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The New Electricity Trading Arrangements (NETA), a complex project to reform the way that electricity is traded in England and Wales, has been associated with a fall in the wholesale price of electricity, but the impact on the bills paid by many domestic consumers has been more limited, according to a report published to Parliament today by Sir John Bourn, the head of the National Audit Office.

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The report shows that, since 1998, when NETA was first considered, wholesale electricity prices have fallen by around 40 per cent. Although it is clear that NETA has facilitated that fall in wholesale prices, it is not possible to establish what proportion of this fall was a direct result of the NETA reforms, and how much derived from other changes to the electricity market, including increased diversification of ownership.

The fall in wholesale prices has had consequences for users and producers of electricity:

  • users of electricity: Industrial and commercial users of electricity have seen significant falls in the price they pay for electricity, of up to 18 per cent since the start of NETA. Prices for domestic consumers have fallen little since the start of NETA but by up to 17 per cent since April 1998 for customers who have switched supplier. Although nearly 40 per cent of electricity customers have switched supplier, the apparent reluctance of others may have dampened price competition, so enabling suppliers to charge up to 22 per cent more to consumers with their original supplier than they charge to attract new customers. The report recommends that Ofgem should keep under review why domestic consumers who have not switched supplier have benefited much less than other consumers from falling wholesale prices.
  • producers of electricity: Some producers of electricity have encountered financial difficulties. There had been a large amount of investment in and purchase of power stations in the 1990s, and some of these transactions were based on assumptions about electricity prices which have turned out to be too optimistic. For strategic reasons and because of international treaty responsibilities for nuclear safety the Government have intervened to rescue British Energy by advancing it a credit facility of £650 million to British Energy.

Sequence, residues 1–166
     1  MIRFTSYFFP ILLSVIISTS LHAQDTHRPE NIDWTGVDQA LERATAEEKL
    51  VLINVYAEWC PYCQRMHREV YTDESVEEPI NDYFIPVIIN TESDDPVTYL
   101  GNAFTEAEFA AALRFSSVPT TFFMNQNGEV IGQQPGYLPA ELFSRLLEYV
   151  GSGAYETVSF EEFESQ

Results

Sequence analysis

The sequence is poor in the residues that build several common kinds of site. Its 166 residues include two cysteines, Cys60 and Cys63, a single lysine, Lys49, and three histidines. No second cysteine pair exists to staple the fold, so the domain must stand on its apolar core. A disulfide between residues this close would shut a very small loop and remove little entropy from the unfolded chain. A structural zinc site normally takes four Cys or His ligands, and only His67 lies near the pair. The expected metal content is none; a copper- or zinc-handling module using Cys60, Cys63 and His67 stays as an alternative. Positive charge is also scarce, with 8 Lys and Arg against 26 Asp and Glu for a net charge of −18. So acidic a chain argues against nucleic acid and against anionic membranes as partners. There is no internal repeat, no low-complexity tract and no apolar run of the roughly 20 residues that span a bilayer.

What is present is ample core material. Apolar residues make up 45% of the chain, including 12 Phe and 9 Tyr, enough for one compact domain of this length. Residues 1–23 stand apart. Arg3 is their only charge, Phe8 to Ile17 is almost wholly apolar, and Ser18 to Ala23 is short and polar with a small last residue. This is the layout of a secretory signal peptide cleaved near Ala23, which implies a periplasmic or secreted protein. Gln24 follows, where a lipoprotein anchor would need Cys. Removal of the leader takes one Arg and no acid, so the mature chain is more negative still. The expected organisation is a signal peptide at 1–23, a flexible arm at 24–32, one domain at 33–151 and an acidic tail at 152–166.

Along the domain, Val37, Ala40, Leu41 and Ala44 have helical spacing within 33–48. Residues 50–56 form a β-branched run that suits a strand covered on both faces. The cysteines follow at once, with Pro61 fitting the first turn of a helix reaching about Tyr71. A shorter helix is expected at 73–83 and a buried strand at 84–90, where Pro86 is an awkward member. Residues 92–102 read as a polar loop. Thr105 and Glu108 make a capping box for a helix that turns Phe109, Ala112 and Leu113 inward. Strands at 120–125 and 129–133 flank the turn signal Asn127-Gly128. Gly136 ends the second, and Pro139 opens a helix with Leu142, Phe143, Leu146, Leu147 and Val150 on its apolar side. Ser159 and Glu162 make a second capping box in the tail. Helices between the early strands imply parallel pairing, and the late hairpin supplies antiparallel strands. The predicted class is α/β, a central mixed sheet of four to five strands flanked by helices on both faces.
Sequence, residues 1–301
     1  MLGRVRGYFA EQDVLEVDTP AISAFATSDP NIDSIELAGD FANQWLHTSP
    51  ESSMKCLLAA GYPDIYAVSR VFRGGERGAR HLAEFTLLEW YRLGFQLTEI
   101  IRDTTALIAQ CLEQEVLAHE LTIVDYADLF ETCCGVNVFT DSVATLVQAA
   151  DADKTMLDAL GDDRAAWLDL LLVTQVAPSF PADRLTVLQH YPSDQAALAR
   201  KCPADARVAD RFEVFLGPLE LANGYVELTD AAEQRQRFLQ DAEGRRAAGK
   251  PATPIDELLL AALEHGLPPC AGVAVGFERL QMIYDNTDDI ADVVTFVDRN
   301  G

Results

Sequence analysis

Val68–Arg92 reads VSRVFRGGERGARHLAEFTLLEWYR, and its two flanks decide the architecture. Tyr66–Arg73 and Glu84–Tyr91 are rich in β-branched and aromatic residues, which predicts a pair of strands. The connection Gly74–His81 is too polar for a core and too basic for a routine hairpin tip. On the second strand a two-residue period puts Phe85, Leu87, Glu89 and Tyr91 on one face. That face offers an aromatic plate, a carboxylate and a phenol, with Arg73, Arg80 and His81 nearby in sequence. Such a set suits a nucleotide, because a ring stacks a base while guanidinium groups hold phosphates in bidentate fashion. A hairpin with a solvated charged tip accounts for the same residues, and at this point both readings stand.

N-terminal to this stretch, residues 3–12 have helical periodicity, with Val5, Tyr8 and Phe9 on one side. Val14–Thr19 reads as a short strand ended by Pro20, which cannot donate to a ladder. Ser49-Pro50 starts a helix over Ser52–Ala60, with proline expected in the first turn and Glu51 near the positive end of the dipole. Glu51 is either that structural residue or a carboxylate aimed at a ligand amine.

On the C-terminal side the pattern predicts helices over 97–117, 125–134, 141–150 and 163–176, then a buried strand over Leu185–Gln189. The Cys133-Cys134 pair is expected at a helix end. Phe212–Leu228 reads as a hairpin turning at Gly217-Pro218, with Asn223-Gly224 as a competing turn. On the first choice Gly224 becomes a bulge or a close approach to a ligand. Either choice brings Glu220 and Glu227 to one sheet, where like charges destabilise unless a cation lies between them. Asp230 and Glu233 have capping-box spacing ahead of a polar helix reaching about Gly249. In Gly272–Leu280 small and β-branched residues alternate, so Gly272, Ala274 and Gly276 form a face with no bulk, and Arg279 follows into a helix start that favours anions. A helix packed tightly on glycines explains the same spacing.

Ofgem estimated that market participants could incur total costs of up to £580 million in implementing NETA over the first 5 years, and then operating costs of £30 million a year. Costs to participants in the wholesale market have certainly increased since the introduction of NETA. Ofgem themselves cannot influence the costs of trading in decentralised markets. However, through their oversight of the governance of NETA they can help to ensure that the administration of the trading arrangements is efficient. The report recommends that Ofgem should ensure that the efficiency of the trading arrangements is promoted by ELEXON, the company responsible for administering the trading arrangements.

The Government, regulator and society attach great importance to long-term security of supply – that is, that there is enough generation capacity to meet electricity demand at all times. In competitive markets, like that created by NETA, price movements signal the need for investment. For example, shortages in generation capacity would lead to higher prices which in turn would encourage companies to invest in more generating capacity. The companies would make such decisions on the basis of their assessments of future opportunities and price signals. At present, there is no problem with the security of supply. There is however no guarantee that the response to market signals will always work as intended. The report recommends that Ofgem should report regularly on whether there are barriers that could prevent market participants responding to market signals to ensure security of supply.

"Ofgem, together with the electricity industry, has achieved much through the NETA programme of reforms. But my report shows that there are a series of questions that the regulator will need to continue to keep under close scrutiny. How much of the savings in the wholesale market will be passed on to retail customers? How sure can we be that the lights will stay on? And can Ofgem monitor the market so as to prevent market abuse distorting prices?"

Sir John Bourn, head of the National Audit Office


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